Posted on: 9 May 2017
Electric wiring may come loose from terminals over time if they weren't tightened securely at the time of installation. A loose wire end can short a circuit if it touches another bare wire.
If a circuit breaker starts to trip repeatedly without any additional components being powered by the circuit, it is likely that there is either loose or damaged wiring somewhere along the circuit line.
Wiring may also be damaged in various ways, but a common source of damage is rodents inside the walls of a home. They must chew constantly to keep the teeth from growing to an unmanageable level and are tempted by the insulation that covers and protects electrical wiring.
When the insulation and protective plastic covering of a sheath of wiring is damaged, bare wires come into contact with each other, causing the circuit breaker to shut off the power to avoid a fire.
Checking for loose wires
The first place to look for loose wires is in the outlets that are powered by the circuit. When a circuit breaker trips, it disrupts the flow of power to every electrical component in the circuit. This may involve a single outlet or a series of outlets and overhead lights in one section of the home.
With the circuit breaker off, you must first check each outlet affected by the tripped breaker. If you're not sure which outlets are affected, plug a working appliance into each outlet in the room or extended area to see if they are powered.
You will need a flat-head screwdriver to remove the cover plates that hide and protect standard outlets. After loosening the center screw and removing a cover plate, you must examine each of the screw terminals on the sides of the outlet.
Tug on each wire to determine if it is adequately secured under the terminal screw that connects it to the outlet.
Connecting a loose wire
If you find that one of the wires is either loose or completely disconnected, you must loosen the upper and lower securing screws of the outlet to pull the outlet from the gang box inside the wall.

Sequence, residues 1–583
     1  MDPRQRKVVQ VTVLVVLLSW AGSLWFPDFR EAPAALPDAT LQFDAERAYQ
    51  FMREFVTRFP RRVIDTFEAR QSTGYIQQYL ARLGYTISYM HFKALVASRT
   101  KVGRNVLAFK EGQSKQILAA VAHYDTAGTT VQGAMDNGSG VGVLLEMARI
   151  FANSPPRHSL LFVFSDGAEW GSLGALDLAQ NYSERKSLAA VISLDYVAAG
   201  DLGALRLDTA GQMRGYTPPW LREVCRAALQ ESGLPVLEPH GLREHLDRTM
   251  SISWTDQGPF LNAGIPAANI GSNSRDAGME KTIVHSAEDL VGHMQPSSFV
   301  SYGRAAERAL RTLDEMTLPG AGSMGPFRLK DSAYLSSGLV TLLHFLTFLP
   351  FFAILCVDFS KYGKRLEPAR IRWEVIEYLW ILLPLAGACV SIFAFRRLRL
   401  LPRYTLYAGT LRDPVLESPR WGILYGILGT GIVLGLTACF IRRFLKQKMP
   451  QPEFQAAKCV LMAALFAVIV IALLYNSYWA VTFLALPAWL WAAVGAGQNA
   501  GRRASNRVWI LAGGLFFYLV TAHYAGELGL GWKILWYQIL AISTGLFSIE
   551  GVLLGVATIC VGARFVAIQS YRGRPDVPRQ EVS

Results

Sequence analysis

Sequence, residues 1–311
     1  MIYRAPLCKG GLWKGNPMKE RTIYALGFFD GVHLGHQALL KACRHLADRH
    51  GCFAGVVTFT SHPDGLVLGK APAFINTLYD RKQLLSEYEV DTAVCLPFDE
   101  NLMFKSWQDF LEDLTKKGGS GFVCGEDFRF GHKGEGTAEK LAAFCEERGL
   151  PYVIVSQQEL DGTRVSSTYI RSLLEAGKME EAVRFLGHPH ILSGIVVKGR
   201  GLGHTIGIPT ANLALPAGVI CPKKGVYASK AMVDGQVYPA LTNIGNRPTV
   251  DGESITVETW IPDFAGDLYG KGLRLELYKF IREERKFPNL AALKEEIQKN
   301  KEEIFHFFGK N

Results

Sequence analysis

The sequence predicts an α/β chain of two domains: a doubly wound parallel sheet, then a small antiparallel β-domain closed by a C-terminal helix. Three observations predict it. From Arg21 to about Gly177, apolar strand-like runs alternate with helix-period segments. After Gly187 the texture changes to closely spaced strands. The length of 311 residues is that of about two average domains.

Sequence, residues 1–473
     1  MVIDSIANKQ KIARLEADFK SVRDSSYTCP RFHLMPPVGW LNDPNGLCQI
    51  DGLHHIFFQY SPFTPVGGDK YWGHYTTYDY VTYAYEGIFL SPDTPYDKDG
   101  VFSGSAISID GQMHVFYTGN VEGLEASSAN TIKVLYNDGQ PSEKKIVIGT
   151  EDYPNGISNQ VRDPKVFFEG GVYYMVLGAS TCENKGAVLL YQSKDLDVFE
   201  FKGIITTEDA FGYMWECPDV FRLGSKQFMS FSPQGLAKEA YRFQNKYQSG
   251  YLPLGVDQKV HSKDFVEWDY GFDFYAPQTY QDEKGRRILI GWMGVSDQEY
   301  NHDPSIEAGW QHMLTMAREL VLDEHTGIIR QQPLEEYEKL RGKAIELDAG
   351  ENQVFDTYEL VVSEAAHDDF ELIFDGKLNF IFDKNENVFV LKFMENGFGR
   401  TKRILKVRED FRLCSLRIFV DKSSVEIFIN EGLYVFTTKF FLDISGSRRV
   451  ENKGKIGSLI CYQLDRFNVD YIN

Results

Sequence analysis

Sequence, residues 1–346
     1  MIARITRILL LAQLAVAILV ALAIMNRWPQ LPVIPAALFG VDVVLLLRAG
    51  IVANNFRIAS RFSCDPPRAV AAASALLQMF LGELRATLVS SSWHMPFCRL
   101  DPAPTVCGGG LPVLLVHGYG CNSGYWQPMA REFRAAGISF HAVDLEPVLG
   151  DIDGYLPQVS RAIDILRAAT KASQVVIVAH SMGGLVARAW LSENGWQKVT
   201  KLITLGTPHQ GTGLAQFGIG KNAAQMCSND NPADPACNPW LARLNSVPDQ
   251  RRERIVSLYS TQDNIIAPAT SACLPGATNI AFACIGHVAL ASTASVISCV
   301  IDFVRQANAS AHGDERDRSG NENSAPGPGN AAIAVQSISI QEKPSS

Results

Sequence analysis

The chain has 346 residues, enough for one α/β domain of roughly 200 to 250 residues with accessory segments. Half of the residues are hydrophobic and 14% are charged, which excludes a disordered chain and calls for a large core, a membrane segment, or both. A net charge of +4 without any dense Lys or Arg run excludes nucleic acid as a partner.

If a black wire is loose, you must connect it to an available brass colored screw terminal by looping the wire end in a clockwise direction under the terminal screw and tightening the screw securely.
A white wire must be connected to a silver-colored screw terminal in the same manner, while a green- or copper-colored ground wire must be connected to the single green terminal at the top of the outlet. If the outlet is in the middle of the circuit line, the green grounding outlet may already be occupied by another wire. You can twist both wire ends together and secure them to share the green grounding terminal.
What can you do if no loose wires were found?
If a circuit breaker keeps shutting off the power after you have unplugged some electrical components and all wiring looks secured, it is time to call an electrician. This is especially true if you hear a popping or crackling sound when the breaker is turned on and power is temporarily restored.
You may need to have some wiring replaced, which is very difficult when the wiring must be run through finished walls and ceilings. Keep the breaker off and tape it in the "off" position so no other occupant of the home turns it on until repairs can be performed.
For more information, talk to companies like Chadwick Electric Services.Share